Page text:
2.50
Hdl Handle:
http://hdl.handle.net/10755/158379
Type:
Presentation
Title:
Workplace Culture and Critical Thinking
Abstract:
Workplace Culture and Critical Thinking
Conference Sponsor:Midwest Nursing Research Society
Conference Year:2010
Author:Lockwood, Barbara, PhD, Nursing Research
P.I. Institution Name:Aurora University
Title:School of Nursing
Contact Address:347 S Gladstone Ave, Aurora, IL, 60504, USA
Contact Telephone:630 844 5139
Co-Authors:B.J. Lockwood, School of Nursing, Aurora University, Aurora, IL; B. Dancy, J. Storfjell, A. Gallo, B. Brooks, College of Nursing, University of Illinois at Chicago, Chicago, IL; F. Hicks, College of Nursing, Rush University , Chicago, IL;
An ethnographic case study design was used to describe the workplace cultural influences on the quality of critical thinking in medical-surgical nurses working in a non-Magnet community acute care hospital. A conceptual framework was developed from the literature and the researcher's professional experience to identify potential cultural elements that influence the quality of critical thinking. Organizational and unit based management, workplace systems and processes, and workplace relationships, including unit staff nurses, physician and interdepartmental relationships were explored. Twenty RNs from two different medical-surgical units in one acute care hospital were observed while working and were interviewed to determine the quality of the RNs' critical thinking, the nature of workplace culture, and to identify how the culture influenced the RNs' quality of critical thinking. The RNs quality of critical thinking was most influenced by what management emphasized and reinforced and by the absence of two way dialogue between the staff and management. Given the limited emphasis on clinical excellence, the nurses relied heavily on experienced practitioners to make clinical decisions. They created a culture in which harmonious relationships and peer support was paramount. This culture assured that the best clinical decisions were made in the absence of clinical guidelines and defined standards for practice. Negative physician relationships affected the quality of the RNs' critical thinking by causing the RNs to discontinue their thinking, because they were not heard or they were embarrassed. The RNs believed that the patient's condition and their nursing peers had the most profound influence on the quality of their critical thinking yet it was evident that management had the greatest influence. Nursing leadership must assure the needs of the patients served are adequately represented by focusing on clinical excellence, evidence-based practice and improved patient outcomes. A hospital culture must encourage two way dialogue, questioning of the status quo, tolerance for disagreement, on-going learning and the expressed desire for improved critical thinking and clinical decision-making.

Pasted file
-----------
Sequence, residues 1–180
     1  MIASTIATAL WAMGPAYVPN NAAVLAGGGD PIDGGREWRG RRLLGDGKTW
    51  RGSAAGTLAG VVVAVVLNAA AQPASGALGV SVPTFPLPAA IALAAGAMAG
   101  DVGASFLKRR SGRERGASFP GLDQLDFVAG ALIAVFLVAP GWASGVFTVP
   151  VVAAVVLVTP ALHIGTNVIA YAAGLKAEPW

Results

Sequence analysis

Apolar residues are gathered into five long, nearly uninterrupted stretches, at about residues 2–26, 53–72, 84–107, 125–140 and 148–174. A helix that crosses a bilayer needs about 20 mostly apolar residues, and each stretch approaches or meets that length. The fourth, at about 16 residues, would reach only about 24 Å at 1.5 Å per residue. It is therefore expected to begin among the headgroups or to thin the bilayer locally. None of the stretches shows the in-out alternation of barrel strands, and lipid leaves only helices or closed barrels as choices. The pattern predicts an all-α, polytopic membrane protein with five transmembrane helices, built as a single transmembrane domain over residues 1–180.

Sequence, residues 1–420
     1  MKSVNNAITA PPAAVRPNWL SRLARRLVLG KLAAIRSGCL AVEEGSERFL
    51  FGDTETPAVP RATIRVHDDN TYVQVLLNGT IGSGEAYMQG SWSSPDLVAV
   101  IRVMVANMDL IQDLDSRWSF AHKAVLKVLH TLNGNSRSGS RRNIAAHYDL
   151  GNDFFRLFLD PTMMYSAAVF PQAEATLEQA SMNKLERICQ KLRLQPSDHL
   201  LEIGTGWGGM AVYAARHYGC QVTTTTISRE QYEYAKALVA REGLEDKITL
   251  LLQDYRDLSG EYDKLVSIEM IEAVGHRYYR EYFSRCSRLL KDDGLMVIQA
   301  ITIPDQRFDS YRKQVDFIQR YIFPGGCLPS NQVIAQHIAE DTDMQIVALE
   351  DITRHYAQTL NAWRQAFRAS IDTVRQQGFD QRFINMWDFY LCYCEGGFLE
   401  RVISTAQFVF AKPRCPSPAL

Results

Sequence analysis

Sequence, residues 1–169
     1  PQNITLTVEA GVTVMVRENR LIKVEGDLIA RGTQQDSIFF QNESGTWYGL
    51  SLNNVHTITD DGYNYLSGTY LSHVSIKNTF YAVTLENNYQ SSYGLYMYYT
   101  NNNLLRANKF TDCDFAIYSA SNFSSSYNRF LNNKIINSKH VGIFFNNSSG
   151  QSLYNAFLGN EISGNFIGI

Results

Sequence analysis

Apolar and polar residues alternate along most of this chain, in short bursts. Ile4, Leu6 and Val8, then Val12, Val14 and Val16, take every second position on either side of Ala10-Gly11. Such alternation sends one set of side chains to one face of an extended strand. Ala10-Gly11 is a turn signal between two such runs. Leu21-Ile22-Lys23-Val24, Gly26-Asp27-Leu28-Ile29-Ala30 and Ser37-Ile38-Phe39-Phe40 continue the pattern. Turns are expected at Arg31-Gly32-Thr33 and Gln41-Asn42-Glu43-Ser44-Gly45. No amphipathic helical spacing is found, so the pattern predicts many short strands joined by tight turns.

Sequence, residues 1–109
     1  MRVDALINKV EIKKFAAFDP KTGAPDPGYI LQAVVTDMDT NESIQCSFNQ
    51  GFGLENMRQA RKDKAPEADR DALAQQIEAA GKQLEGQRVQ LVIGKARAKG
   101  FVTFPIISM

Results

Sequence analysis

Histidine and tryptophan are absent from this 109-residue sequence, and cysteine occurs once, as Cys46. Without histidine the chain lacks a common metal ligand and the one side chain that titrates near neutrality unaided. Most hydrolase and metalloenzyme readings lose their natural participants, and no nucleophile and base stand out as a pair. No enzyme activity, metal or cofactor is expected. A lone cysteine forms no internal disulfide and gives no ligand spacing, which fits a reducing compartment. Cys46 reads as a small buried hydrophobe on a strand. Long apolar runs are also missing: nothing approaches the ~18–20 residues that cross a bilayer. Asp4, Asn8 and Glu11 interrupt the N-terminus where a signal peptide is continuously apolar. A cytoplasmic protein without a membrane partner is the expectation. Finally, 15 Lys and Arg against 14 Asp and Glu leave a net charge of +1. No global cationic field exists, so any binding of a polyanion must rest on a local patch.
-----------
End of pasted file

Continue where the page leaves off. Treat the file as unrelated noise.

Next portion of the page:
Repository Posting Date:
26-Oct-2011
Date of Publication:
17-Oct-2011
Sponsors:
Midwest Nursing Research Society

Full metadata record

DC FieldValue Language
dc.typePresentationen_GB
dc.titleWorkplace Culture and Critical Thinkingen_GB
dc.identifier.urihttp://hdl.handle.net/10755/158379-